Indira Gandhi had annexed Sikkim, thus eliminating a troublesome buffer with China, in 1975, besides severing Pakistan into two in 1971.
India’s immediate geopolitical environment has degraded as the Narendra Modi government remained distracted by the Gujarat Assembly elections. Diplomacy regained attention somewhat with the overlapping visits of Ivanka Trump, daughter of US President Donald Trump, and former US President Barack Obama, who was in India for a lecture. The three notable events impinging on Indian national security interests were the elections in Nepal, Sri Lanka’s handover of the strategic port of Hambantota to China and a Sino-Maldivian free trade agreement. All three need a closer examination.
In Nepal, the victory of the Left forces was inevitable once an alliance was formed by the two biggest Left parties — the Communist Party of Nepal Unified Marxist-Leninist (CPN-UML) and the Communist Party of Nepal Maoist Centre (CPN-MC). The chairman of the former, K.P. Sharma Oli, is all set to lead the government while latter’s leader, Pushpa Kamal Dahal “Prachanda”, would head the new Nepal Communist Party formed after the merger.
The success of the Left forces is not surprising as the people of Nepal were fatigued after seeing 10 Prime Ministers in as many years and the governments were thus unable to deliver on development or growth. Mr Oli’s nationalistic credentials amongst the hill voters also helped. The Nepalese electorate also seems to have retained its ire over the Indian “blockade” and punished those parties like the Nepal Congress which were seen as not having forthrightly opposed the Indian action. Finally, anti-incumbency hovered over current Prime Minister Sher Bahadur Deuba.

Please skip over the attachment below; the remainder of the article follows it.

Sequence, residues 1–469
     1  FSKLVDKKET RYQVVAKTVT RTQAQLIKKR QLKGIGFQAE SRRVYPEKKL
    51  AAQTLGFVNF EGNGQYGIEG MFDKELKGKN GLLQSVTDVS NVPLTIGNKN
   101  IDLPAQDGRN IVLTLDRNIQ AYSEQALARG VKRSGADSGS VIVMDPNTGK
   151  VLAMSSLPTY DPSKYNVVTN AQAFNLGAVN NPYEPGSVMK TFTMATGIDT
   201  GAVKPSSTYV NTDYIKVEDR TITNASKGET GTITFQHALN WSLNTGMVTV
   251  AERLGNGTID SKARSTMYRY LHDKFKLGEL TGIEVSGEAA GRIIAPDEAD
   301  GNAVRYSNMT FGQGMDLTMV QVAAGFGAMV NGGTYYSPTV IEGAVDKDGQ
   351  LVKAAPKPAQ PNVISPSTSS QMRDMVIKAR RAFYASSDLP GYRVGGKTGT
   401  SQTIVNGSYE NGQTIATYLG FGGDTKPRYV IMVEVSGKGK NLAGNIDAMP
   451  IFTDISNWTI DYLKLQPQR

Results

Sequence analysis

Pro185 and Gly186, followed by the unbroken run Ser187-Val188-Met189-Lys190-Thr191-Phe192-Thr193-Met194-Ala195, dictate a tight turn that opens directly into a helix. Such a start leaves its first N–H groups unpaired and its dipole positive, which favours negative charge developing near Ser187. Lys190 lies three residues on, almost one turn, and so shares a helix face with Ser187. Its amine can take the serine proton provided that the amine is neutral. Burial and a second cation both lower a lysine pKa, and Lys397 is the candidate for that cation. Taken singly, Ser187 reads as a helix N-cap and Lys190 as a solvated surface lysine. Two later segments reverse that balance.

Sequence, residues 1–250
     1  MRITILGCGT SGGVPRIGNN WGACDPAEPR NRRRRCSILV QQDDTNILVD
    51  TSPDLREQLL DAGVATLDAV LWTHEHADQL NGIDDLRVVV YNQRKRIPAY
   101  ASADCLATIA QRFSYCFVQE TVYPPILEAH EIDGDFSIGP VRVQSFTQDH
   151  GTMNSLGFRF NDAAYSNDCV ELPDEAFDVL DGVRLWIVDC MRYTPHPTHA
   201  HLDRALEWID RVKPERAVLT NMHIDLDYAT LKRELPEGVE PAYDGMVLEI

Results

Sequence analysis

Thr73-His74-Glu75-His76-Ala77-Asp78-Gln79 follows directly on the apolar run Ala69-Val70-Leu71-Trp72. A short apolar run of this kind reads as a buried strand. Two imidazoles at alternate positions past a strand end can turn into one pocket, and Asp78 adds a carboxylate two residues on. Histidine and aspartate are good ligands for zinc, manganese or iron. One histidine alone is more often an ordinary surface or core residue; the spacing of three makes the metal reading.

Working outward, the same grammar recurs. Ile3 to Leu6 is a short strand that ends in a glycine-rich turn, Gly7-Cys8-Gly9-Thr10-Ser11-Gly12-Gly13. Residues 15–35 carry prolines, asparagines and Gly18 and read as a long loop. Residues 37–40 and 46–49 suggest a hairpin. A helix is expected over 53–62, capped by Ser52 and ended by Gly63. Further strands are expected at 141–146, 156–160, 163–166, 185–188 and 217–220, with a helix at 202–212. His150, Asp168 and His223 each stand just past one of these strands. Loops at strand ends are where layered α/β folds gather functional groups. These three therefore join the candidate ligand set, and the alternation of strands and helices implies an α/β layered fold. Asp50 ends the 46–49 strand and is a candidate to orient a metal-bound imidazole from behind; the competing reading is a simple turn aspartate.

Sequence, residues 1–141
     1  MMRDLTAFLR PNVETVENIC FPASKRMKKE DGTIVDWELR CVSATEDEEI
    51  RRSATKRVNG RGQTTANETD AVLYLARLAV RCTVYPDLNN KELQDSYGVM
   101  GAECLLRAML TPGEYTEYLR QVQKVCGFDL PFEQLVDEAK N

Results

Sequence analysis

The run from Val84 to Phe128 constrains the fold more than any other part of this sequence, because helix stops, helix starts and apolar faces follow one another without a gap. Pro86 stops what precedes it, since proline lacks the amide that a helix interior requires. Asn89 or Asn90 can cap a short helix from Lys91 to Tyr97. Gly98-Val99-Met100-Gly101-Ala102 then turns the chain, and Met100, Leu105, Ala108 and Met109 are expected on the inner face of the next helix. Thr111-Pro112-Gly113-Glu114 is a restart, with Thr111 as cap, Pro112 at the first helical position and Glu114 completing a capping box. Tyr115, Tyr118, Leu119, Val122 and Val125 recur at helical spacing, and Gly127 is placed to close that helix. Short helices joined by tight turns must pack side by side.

Considering Prime Minister Narendra Modi’s two trips to Nepal and India’s serious concern over the growing influence of China, the victory of the Left alliance is not good for India. A strong Opposition has emerged, however, thereby ensuring that the Constitution is not fiddled with by the ruling combine. It is also possible that the alliance will have functional problems over the distribution of goodies between erstwhile rivals. But South Block should be wary about the perceived pro-China orientation of Mr Oli. China may push with greater vigour its Belt and Road Initiative connectivity project which can bring its penetration closer to the heart of India in the vital Indo-Gangetic plains. This assumes importance as so far India is among a diminishing group of countries which continue to oppose the Chinese infrastructure project. Of late even the United States and Japan, which had earlier joined the Indian refrain, have been airing more positive views. Indian diplomacy will therefore face a critical test as New Delhi’s competition with Beijing for the affection of the rulers in Kathmandu gets renewed.